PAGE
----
Friday, December 3, 2010

Two Things on my Mind

Singing and scones.  First, singing.  I just listened to Chanticleer singing "O Come, O Come Immanuel" on the radio.  It was ethereal and transcendent.  Yet again I wished I had a great singing voice.  To be able to open your mouth and produce a sweet, piercing sound that makes people's eyes well up would be to me a truly magical power.  Like beauty, a great voice is something you either have or you don't.  No amount of hard work will ever produce golden tones.

I remember a girl I knew in college; she lived on my floor in my freshman dorm.  I don't even remember her name now.  But I remember her voice.  A group of us would sit around on the floor late at nights, smoke cigarettes, and sing folk songs, and her voice rose above the others like pure silver.  I so much wanted to be able to do what she did so effortlessly, but it was not to be.  The only singing I've ever done is to my kids when they were small, and I even put an end to that when my then-two-year old daughter looked up at me pleadingly and said, "Mommy, don't sing."  Everyone's a critic.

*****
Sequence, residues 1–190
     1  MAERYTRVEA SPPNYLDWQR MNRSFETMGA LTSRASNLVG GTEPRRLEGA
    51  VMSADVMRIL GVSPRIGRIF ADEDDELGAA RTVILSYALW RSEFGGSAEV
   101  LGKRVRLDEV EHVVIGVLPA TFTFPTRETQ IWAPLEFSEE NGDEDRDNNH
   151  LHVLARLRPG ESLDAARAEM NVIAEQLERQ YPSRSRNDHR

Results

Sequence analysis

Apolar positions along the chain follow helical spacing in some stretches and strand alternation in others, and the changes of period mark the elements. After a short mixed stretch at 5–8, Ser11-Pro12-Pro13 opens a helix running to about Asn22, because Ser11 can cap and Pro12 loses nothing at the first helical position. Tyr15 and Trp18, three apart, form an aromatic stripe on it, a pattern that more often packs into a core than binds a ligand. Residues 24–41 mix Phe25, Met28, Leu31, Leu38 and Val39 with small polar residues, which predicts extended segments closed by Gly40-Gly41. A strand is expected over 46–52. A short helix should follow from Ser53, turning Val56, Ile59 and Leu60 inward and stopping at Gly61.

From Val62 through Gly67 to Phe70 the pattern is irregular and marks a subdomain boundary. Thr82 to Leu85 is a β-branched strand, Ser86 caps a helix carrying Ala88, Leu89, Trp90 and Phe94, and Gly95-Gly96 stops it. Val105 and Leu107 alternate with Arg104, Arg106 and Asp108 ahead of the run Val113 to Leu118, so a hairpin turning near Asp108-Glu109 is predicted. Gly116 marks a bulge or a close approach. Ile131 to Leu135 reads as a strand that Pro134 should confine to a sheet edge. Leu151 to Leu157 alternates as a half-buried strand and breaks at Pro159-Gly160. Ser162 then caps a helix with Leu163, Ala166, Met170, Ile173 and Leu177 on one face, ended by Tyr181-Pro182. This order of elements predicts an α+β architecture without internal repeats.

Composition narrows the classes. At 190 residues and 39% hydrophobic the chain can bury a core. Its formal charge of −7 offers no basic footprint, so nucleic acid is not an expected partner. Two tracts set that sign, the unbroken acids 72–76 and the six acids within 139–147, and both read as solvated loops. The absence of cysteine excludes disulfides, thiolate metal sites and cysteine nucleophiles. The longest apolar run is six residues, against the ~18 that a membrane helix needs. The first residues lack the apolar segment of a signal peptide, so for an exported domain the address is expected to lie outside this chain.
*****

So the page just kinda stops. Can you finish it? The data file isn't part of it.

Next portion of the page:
I have a perfect Christmas memory.  (Actually, I have many, but here's one.)  I once lived in Canada where there was a village untouched by commercialism and the tourist onslaught that later devoured it.  There was a main street that ran along a canal, with a bridge at one end and an old mill with a waterwheel at the other.  The buildings were all made of stone, weathered by centuries of northern winters.  In them were shops that sold wooden toys imported from Scandanavia or handmade candles and wooly mitts or beer from anywhere in the world.  There was a tea shop, run by two Scottish grannies, that was a welcome refuge from the cold, the leaden skies, and an afternoon of shopping.  The wood floor creaked comfortingly, a fireplace crackled with warmth and light, and tea was served in giant pots engulfed in tea cozies.  The scones came with clotted cream and strawberry jam, homemade of course.

The tea shop was not  a twee imitation concocted by marketers but a plain and simple place where everything seemed about a hundred years old, the leaded windows still held the wavy glass of earlier times, and the Scottish accents of the ladies whose domain this was took you quite out of yourself.  They understand comfort in the British Isles.  Sitting in that tea shop all those years ago, with a good friend and our two babies, drinking endless cups of tea while the babies dozed in their strollers and we ordered another round of scones--it WAS Christmas--I couldn't imagine that anything in my life would ever go wrong.

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